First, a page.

Book Review: The Shack ★★
As far as I can tell this is a real marmite book, some love it, some hate it, I'm not going to go so far as to say I hate it, but I didn't really enjoy it as much as I could have and it took some effort on my part to get through it.
The Shack tells the story of Mack, a man whose daughter Missy is abducted while the family are on holiday, and Mack's journey into dealing with Missy's abduction and apparent brutal murder.
Now, I want to start off by stating that I am not religious, and that if you will be offended by opinion of this book purely because i do not share a religious stance then please stop reading. My opinion on this is for the open minded, as I was prepared to be open minded and did not refuse to read the book because of its religious content.
That out of the way lets get down to the review. I describe it as Mack's journey with dealing with Missy's abduction because that is exactly as it is written. Unfortunately Young tried to sell the story like it was true, a friends memoirs. In my opinion he should have just treated it as fiction, without the preamble about telling someone else's story which immediately put me off.
The story though is essentially about one man's method of coping with loss through reaching out to his God and asking why. Young doesn't just have Mack speak to God through prayer however, he has Mack interact with God in his three forms at The Shack, where evidence of Missy's murder has been found.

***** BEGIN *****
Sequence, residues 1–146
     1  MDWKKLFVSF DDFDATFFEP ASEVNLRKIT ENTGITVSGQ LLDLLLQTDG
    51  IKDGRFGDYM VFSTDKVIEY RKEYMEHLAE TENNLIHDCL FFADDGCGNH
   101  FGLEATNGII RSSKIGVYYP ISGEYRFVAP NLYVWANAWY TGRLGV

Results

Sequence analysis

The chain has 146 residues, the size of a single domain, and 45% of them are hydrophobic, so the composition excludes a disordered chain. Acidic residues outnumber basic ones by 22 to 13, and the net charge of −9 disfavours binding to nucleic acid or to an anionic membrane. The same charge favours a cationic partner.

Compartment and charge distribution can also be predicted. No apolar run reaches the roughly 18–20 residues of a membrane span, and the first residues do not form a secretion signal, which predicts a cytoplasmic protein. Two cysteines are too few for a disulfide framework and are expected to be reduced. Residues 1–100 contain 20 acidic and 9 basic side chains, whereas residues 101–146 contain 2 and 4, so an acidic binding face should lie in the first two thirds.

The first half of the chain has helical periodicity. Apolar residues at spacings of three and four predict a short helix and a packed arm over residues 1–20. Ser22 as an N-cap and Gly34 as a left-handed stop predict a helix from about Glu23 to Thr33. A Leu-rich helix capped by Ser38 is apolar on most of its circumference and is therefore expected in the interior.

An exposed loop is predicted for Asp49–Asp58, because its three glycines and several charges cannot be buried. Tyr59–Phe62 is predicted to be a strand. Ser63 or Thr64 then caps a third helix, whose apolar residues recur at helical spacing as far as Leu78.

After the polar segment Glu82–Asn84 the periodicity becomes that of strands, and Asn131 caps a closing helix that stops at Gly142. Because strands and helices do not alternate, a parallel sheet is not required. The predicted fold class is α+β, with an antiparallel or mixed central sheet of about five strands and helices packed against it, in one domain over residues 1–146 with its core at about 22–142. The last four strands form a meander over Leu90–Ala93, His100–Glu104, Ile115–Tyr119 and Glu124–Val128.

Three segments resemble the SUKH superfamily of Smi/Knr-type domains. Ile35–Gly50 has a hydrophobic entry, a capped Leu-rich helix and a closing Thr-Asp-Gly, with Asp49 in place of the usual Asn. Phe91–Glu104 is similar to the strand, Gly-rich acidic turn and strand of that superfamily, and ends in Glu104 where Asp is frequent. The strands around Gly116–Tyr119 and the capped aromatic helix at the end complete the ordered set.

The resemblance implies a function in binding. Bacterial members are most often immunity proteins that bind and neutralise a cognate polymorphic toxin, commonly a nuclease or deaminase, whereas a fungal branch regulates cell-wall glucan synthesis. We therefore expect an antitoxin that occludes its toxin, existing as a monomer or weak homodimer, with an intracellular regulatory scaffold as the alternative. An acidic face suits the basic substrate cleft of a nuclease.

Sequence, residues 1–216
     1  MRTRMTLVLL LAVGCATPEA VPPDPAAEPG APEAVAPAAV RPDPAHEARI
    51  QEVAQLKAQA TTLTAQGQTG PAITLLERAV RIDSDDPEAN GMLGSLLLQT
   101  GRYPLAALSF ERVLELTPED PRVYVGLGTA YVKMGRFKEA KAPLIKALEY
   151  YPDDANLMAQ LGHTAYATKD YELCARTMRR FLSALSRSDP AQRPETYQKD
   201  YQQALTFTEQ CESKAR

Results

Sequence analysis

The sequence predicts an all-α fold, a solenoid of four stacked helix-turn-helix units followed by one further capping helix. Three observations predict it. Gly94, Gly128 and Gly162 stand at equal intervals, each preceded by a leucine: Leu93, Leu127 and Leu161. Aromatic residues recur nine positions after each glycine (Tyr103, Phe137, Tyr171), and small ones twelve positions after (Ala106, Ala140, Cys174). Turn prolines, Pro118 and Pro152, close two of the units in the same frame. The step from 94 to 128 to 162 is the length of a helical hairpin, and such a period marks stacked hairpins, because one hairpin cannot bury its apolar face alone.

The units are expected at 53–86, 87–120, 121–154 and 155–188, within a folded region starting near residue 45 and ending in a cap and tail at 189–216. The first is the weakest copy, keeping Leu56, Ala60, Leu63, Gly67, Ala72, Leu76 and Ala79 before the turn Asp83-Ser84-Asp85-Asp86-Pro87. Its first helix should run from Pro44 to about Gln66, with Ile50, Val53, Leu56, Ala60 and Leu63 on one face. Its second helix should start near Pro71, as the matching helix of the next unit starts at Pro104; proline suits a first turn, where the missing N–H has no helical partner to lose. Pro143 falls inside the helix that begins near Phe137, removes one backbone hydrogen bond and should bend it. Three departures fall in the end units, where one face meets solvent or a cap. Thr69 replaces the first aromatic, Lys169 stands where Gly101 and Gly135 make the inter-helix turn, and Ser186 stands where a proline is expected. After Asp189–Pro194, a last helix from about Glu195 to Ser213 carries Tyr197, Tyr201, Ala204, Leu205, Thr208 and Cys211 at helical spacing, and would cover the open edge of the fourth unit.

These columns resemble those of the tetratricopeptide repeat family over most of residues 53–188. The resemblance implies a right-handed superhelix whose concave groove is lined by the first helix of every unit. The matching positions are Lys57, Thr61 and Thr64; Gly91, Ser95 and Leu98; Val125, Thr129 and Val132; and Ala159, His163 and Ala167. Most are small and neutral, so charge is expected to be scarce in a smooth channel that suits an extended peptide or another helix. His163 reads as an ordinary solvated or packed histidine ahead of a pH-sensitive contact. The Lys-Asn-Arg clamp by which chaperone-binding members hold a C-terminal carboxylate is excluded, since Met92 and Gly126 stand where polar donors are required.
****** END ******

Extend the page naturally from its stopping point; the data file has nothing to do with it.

I loved the idea for this story, and actually feel that it could have been stronger with a better, more organised writing style. I found it confusing and messy, with far too many similes and metaphors throughout that made the read a struggle. I did however like the portrayal of Mack's grief, and his loss as to how to deal with life after the abduction, it felt honest.
I found the three God characters were interesting to read, though they were clearly designed to shock the reader. They may have shocked a devout christian (an African American female God with a love for freshly made pancakes) they didn't surprise me and in fact reminded me of many twists on the idea of God in fiction today making it a cliche and a half.
I was pleased we had some resolution to the crime as for a good chunk of the book I really thought it would go unresolved in order to ram the idea of forgiveness down the readers throat, but I am happy we had some resolution. It wasn't enough for me, and wasn't enough to balance out the airy fairy bits in the middle, but I am glad that we were given that, even if I do think that the abduction of missy was merely tacked on to allow the author reason to preach a bit.
Bottom line is that this was a great idea for a story, but that it should have been presented as a balanced piece of fiction, and edited better. I actually feel that it was a bit of a waste of potential.